So they made a new Joyce Manor record. With Knobbe, new drummer Pat Ware—“Awesome new drummer,” adds Johnson—and longtime bassist Matt Ebert, they wrote enough songs to fill a full-length, and then worked to get the ones lifted from emails to match the ones written at full volume. (“Bedroom charm versus live rock band,” Johnson explains.) Their next step was a new step: their first time recording outside their L.A. hometown, at Converge’s Kurt Ballou’s GodCity studio in Salem, Massachusetts. They recorded daily 10-to-6 so Ballou could spend dad time with his kids at night, and then slept right upstairs in bunk beds: “Kinda felt like camp,” says Johnson. “It was a pleasure—I would recommend it to anyone.”

    Kill Me kicks off with “Fighting Kangaroo,” part Jawbreaker wit and part Jawbreaker grit, while follow-up “Think I’m Still In Love With You” digs deep into that pit between pleasant memory and unpleasant present. (Or is that what “Friends We Met Online” does?”) There’s the instantly catchy “Silly Games,” the deadpan blue album Weezer-style pop song where Johnson and Phillips started everything, and the Britpop-py (or Teenage Fanclub-by) title track, with a final line that lands like a boulder toppling off a cliff. There’s the acoustic “I’m Not The One,” with equal connections to Big Star, Billy Bragg and San Pedro hometown hero Todd Congelliere, who could make a sing-song playground melody sound profound. There’s a little studio-inspired experimentation: e-bow on “I’m Not The One” and glockenspiel on “Silly Games,” both Joyce Manor firsts. (“I never once suggested putting glockenspiel on anything but I think it works!” says Johnson.) And finally there’s “Wildflowers,” that unexpected inspiration for turning weird songs with fake drums into real songs with real drums and real everything, really. That’s how Kill Me began, and that’s how it ends—clear, honest, direct and true. Which is about all you could ask for, whether you’re starting a record or finishing it. Or listening to it.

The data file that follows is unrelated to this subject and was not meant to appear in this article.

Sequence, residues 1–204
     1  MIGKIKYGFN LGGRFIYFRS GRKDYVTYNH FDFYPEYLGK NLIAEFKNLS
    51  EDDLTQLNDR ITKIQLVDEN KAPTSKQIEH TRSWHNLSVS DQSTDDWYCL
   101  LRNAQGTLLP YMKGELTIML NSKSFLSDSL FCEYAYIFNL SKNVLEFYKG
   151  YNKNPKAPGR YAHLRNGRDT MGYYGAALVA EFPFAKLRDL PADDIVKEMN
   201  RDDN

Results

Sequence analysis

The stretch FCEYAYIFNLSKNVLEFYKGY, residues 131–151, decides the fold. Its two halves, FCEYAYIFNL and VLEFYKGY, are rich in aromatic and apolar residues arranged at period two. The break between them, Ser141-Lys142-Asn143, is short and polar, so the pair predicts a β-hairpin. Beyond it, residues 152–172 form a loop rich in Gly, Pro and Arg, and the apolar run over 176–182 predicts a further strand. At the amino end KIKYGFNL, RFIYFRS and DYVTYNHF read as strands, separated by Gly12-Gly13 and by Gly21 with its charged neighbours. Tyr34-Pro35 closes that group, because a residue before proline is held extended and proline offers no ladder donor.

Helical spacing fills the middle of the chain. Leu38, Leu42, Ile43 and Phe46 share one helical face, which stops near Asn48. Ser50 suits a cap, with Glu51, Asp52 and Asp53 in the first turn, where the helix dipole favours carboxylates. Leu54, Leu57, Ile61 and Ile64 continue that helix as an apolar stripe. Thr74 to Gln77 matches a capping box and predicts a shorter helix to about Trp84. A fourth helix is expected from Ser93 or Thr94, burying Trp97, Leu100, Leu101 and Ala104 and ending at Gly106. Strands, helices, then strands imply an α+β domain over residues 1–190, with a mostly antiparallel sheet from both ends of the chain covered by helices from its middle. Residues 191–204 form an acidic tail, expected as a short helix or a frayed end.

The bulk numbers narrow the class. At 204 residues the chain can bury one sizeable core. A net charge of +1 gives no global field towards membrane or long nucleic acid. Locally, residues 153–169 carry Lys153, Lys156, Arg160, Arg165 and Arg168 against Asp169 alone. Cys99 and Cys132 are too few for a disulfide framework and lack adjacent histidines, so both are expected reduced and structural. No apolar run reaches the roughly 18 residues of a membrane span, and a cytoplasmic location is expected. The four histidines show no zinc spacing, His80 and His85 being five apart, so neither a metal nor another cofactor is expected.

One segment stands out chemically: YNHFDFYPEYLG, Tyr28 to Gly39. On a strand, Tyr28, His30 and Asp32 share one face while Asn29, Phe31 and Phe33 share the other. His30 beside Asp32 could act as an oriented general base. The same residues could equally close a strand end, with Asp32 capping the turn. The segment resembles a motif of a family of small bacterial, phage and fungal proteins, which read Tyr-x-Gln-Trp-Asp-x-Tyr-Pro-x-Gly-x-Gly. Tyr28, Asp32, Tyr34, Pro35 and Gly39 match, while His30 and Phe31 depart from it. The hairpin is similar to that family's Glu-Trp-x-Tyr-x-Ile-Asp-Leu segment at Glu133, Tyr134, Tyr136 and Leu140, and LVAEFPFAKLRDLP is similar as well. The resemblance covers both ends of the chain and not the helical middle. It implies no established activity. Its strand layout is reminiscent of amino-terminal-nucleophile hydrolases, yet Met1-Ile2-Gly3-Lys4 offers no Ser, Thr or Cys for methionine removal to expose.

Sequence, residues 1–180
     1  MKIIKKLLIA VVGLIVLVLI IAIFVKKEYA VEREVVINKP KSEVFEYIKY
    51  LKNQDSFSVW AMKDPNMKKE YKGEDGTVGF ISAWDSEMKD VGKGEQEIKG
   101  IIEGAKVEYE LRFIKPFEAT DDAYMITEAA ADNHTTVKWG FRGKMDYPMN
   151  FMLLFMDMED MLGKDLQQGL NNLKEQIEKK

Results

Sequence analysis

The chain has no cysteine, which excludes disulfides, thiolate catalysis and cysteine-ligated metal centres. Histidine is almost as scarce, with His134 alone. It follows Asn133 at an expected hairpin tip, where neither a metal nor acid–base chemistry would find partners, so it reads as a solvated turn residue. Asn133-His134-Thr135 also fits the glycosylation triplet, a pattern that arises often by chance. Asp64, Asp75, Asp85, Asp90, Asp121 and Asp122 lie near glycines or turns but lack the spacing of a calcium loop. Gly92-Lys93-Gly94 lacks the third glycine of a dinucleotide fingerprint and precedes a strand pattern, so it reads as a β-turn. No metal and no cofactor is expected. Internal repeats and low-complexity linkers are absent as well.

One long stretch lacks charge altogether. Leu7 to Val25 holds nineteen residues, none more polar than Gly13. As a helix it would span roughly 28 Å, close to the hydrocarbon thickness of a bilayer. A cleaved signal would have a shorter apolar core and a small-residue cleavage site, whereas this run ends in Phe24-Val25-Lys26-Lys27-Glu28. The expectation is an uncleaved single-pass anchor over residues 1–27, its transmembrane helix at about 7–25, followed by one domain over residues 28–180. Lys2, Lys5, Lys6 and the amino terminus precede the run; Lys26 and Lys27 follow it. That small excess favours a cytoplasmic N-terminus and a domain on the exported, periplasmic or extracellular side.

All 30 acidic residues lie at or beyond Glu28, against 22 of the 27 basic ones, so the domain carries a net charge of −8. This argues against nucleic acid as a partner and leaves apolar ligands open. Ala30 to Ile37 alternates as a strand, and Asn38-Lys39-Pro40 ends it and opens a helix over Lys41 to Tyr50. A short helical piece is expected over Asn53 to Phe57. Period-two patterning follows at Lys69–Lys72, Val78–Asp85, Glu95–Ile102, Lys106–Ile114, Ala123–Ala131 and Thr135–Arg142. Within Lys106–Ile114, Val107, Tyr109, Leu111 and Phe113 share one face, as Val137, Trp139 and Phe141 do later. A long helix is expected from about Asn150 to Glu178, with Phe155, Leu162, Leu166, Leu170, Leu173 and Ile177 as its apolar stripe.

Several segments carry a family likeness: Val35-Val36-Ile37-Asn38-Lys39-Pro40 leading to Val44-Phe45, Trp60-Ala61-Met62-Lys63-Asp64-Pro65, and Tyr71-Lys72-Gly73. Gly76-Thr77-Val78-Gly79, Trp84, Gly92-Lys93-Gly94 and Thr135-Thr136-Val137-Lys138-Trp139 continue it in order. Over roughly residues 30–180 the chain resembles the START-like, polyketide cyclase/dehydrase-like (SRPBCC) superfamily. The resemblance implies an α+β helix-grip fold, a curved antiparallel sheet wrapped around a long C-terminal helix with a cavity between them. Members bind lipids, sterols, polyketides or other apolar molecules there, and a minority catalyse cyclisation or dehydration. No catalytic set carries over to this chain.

• Oso Oso

    Oso Oso

    Pop Punk

  • Peach Kelli Pop

    Peach Kelli Pop

    Music

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limit 8 per person
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General Admission
$22.00

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This event is 18 and over. Any Ticket holder unable to present valid identification indicating that they are at least 18 years of age will not be admitted to this event, and will not be eligible for a refund.

Joyce Manor, Oso Oso, Peach Kelli Pop

Fri Jan 10 2020 8:00 PM

(Doors 7:00 PM)

Music Box San Diego CA
Joyce Manor, Oso Oso, Peach Kelli Pop

$22.00 Ages 18+

Joyce Manor's sound is in the way co-founding guitarist Chase Knobbe can somehow make a song sadder and tougher at the same time, or the way Johnson mixes minor and major chords to invoke a precise kind of overpowering melancholy. 

Not on the e-mail list for Presales? CLICK HERE to sign up to be a Music Box VIP and you will never miss a chance to grab tickets before they go on sale to the general public again!

Genre: Pop Punk

Ticket Price: $22 advanced / $22 day of show 

PARKING: Street parking and paid lot parking available.

TABLE RESERVATION / VIP: vip@musicboxsd.com / (619) 836-1847

STALK US: Twitter + Instagram: @musicboxsd | facebook.com/MusicBoxSD | MusicBoxSD.com | The Music Box (619) 795-1337.

BOX OFFICE HOURS Monday - Friday 11:00am - 4:00pm

MUSIC BOX IS STANDING ROOM ONLY UNLESS OTHERWISE NOTED

Please correct the information below.

Select ticket quantity.

Complete the security check.

Select Tickets

Ages 18+
limit 8 per person
General Admission Standing
General Admission
$22.00

Delivery Method

ticketFast
Will Call

Terms & Conditions

This event is 18 and over. Any Ticket holder unable to present valid identification indicating that they are at least 18 years of age will not be admitted to this event, and will not be eligible for a refund.